These are, however, simply two items of many that will be discussed during the upcoming offseason. It will be interesting to see what solutions are eventually put in place.

Michael Pineda hopes to reach 200-inning mark for first time

New York Yankees' Michael Pineda delivers a pitch during the third inning of a baseball game against the Chicago White Sox on Thursday, Sept. 24, 2015, in New York. (AP Photo/Adam Hunger)
AP Photo/Adam Hunger
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It was reported on Friday that Yankees right-hander Masahiro Tanaka isn’t sure if he’ll be ready for Opening Day as he makes his way back from arthroscopic surgery to remove a bone spur from his right elbow. His health will be crucial to the Yankees’ chances this season, but the same goes for rotation-mate Michael Pineda, who hopes that this is the year he’ll be able to take on the workload of a frontline starter.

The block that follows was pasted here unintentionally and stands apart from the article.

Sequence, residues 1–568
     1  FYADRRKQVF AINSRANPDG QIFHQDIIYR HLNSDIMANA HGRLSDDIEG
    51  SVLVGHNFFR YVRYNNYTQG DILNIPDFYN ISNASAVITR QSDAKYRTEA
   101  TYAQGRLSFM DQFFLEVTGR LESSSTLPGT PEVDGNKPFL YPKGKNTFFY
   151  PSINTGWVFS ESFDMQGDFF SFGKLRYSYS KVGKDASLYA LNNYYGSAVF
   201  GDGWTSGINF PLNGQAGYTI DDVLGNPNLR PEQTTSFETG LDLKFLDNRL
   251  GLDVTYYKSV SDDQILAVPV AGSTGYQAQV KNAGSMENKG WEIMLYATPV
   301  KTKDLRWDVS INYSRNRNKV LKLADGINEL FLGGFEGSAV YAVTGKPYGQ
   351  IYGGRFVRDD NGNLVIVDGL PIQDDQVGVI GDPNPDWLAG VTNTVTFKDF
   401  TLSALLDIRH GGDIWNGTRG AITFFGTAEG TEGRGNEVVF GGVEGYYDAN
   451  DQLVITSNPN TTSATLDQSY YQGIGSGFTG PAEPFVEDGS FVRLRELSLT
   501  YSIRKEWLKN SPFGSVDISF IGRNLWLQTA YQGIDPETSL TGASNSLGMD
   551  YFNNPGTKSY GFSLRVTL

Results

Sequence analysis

Pineda was on pace for a career-high in innings last season, but he landed on the disabled list in late July with a right flexor forearm muscle strain and missed a month. He struggled upon his return and ended up with 160 2/3 innings, so he fell short of his career-high of 171 innings as a rookie with the Mariners way back in 2011. Now going into his age-27 season, Pineda told Bryan Hoch of MLB.com that his goal for 2016 is to reach 200 innings for the first time in his career.

“For me, this year, I’m coming here early to be strong and working hard to pitch 200 innings this year,” Pineda said at the club’s Minor League complex. “I want to throw 200 innings this year. This is my goal, and help my team.”

Pineda had a mediocre 4.37 ERA (90 ERA+) last season despite impressive peripherals with 8.7 K/9 and 1.2 BB/9. Among pitchers with at least 160 innings pitched, only Bartolo Colon of the Mets had a lower walk percentage. Pineda managed to increase his ground ball rate to 48.2 percent and also saw an uptick in velocity from 2014, so there’s reason to believe in improvement if he can stay healthy.